When my youngest child leaves for college and I am sitting in my quiet house missing everybody and all the mess and the noise, I am going to look up on the wall of my kitchen, there above the coffee maker, where I wrote myself a note.
Last winter, I wrote an essay about returning to Notre Dame for the first time in decades to attend my 25th reunion. “The Reluctant Domer” put to words my ambivalence about returning to a place where I hadn’t always felt at ease.
Christmas Mass in our large and affluent parish has a buzz, an energy to it. And I hate it. Like the grinchiest grinch who ever grinched off to Mass, I hate it.
We hope for gifts and — more — the meaning behind them. We hope for the good times and comforts of family. We hope for peace and well-being. We hope for Jesus Christ to come to earth, to come into our lives.
The Great Nativity Question, in any conscientious Catholic household, is whether baby Jesus takes up his position in the stable with the rest of the figurines or stays in the box until 12:01 on Christmas morning.
“Mom, where do flies live?” “Flies live outside.” “I know that, but where do they go night-night?”
As the scale of the military intervention has increased in Afghanistan, so has the armed violence and influence of the Taliban. Reversing this deadly dynamic will require an approach that pursues demilitarization through the gradual disengagement of U.S. and NATO military forces.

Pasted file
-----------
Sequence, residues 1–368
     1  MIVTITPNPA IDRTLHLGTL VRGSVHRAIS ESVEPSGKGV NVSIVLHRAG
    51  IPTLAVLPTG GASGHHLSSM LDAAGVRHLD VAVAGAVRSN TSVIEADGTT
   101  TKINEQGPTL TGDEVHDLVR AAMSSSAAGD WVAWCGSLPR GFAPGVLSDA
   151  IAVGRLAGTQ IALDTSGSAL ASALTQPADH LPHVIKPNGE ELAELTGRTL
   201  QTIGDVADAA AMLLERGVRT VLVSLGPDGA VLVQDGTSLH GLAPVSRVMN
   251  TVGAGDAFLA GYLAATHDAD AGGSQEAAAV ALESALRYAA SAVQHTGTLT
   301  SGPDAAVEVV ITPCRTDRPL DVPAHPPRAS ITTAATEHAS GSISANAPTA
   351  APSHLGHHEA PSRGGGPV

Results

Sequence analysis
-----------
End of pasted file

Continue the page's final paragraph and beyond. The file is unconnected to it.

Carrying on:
My Notre Dame spectator experience has been teaching me a lot about being a fan. Recent lesson: You wanna be a hockey fan? Toughen up.
When I finished writing the Joseph Brennan obituary for our winter print edition, I knew I had more to say. It has gone unsaid for decades, and it’s too late now.
Hardly anybody dies on the field anymore. After 18 college football players were killed in the 1905 season, Teddy Roosevelt helped resuscitate a sport on a grim slog to the grave. He convened Ivy League leaders and the resulting rules changes saved lives.
Google employees can now have personal odd jobs done at company expense. If Pope Benedict XVI knows about the perk, doubtless he would give his blessing.
Strips 43-47 of the popular comic strip Molarity, which previewed in The Observer in 1977.
I was so tired of baking cookies and frosting cupcakes and listening to my kids fight over nutcrackers that I opened the fridge, took out some bottle we opened for dinner who-knows-when and had a cold glass of not-that-great wine.
“That? That’s just a picture of Mary,” Sister Antoinette said. “That picture can’t help you, but she will, always.”
The verbal assault from the back seat is loud. “You’re mean. I don’t love you anymore. You are the worst mommy ever.” My daughter punctuates herself by throwing a doughnut at my head.
Sentry duty is what the Advent season is all about. Paying attention and keeping a weather eye, because as the days of Noah were before the flood, so shall the coming of the Son of Man be.